As the Ball Bounces: Silver Name Replaces Stern's on February 1
In what had become a little bit of a sticky issue, Scott Soshnick of Bloomberg News today reported that the NBA will indeed switch its signature ball midseason from one signed by outgoing commissioner David Stern to one signed by incoming commissioner Adam Silver, with the change coming on February 1.
The "new" Silver balls (the name, not the color) manufactured by Spalding were a cause for concern, since they might not be broken in properly to be used at a critical part of the NBA season.
Earlier in the Stern regime, the league had once tried to break in a new type of ball during the season to disastrous results, and it went so poorly that it had to go back to the older-style ball. The league will avoid that issue this time by getting the teams 70 Silver-signed game balls to use for two months prior to the switch, according to the story, so that they can be properly broken in and to ensure that the transition is a smooth one.
It is a unique problem with broken-in balls for the NBA. Baseballs are always new; footballs are relatively pristine and rotated in during games, as are soccer balls; and hockey pucks are hockey pucks. No commissioner signs a tennis or golf ball, and those are also relatively disposable.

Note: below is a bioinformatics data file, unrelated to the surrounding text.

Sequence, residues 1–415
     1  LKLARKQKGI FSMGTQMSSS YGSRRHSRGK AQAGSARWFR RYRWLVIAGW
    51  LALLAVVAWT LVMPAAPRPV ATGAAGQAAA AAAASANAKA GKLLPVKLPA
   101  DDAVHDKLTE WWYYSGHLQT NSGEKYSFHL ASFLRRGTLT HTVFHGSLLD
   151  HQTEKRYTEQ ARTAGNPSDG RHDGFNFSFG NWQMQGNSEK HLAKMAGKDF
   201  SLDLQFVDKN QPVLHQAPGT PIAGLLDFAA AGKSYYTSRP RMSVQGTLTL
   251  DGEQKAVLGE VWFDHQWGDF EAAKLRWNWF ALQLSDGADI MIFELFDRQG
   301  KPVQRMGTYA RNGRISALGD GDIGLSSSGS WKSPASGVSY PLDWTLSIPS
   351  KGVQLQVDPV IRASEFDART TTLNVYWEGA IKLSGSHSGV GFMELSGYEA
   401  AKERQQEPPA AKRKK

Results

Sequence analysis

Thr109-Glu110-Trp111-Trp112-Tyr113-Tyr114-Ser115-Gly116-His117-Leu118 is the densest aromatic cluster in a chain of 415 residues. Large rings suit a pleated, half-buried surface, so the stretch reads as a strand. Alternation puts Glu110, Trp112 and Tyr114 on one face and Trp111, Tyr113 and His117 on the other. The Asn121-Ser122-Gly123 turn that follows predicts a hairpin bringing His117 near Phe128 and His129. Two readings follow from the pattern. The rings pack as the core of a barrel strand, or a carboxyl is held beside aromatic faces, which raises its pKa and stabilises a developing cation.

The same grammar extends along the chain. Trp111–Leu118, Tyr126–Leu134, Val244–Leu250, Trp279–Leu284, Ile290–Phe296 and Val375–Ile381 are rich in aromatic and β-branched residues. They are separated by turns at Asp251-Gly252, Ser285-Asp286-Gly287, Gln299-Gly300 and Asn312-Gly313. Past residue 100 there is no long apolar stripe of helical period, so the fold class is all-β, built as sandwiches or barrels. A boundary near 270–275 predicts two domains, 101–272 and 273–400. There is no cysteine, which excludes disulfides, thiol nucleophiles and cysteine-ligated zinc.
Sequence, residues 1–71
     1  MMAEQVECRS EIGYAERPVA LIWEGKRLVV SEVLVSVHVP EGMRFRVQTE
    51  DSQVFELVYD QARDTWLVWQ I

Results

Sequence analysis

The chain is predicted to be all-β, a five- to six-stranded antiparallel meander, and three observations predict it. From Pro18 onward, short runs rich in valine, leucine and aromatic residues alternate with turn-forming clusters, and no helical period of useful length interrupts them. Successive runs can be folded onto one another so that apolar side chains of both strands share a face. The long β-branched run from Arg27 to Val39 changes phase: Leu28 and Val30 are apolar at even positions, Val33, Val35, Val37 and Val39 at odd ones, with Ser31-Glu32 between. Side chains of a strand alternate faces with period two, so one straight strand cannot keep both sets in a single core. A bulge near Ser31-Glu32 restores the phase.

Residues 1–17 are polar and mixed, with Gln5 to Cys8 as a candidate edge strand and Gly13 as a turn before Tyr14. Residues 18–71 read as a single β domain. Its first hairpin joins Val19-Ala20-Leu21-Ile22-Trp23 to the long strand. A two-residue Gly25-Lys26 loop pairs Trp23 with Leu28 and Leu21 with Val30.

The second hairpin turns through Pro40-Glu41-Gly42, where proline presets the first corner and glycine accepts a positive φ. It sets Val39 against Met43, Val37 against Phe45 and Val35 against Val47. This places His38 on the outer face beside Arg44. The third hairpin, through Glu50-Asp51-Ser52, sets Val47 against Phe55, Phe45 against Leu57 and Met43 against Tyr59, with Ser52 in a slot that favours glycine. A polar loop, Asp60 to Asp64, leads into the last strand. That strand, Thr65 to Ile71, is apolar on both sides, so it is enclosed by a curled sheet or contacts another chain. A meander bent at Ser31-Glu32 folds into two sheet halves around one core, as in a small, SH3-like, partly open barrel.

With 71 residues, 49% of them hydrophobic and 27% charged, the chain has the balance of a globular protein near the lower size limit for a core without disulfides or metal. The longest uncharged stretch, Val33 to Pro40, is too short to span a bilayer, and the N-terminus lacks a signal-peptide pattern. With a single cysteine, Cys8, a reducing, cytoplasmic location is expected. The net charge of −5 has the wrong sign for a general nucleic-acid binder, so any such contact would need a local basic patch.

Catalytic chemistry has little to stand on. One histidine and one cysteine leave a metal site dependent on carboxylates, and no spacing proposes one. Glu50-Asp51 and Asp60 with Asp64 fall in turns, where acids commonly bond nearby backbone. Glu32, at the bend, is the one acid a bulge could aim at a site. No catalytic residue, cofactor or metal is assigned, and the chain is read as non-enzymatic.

Basketball? One signed and worn leather ball all the time.
"It is one of those things that seems like a simple deal and an easy transition, but a new ball affecting play, with anyone's signature, can be detrimental to the game, and can make this seemingly smooth transition from David to Adam a little bumpy," said Chris Lencheski, CEO of Front Row Marketing. "At the end of the day what matters is the quality of play, not the signature on the ball, and the last thing anyone wants is controversy over something correctable. Spalding knows that, and so does the league, so this is a good solution."
Silver, a low-key NBA lifer and one of the most respected individuals in sport, has made the transition relatively seamless thus far, and this past week's final board of governors meeting under Stern went flawlessly, with the owners even taking home their own Stern bobblehead as a last memento.
The switching of the signature on the game ball is more ceremonial but is an essential part of the stamp Silver will put on the game when he officially assumes the top seat on February 1, a crowded sports week which will also include the 2014 Super Bowl and the Sochi Olympics.
His first formal event in all likelihood will be at the NBA All-Star Game in New Orleans on February 16, one which will now be played with a ball signed by the new commissioner, not the old one.
All Silver's issues should be solved so seamlessly going forward.
Jerry Milani is a featured columnist at Bleacher Report. All quotes were obtained firsthand unless noted.
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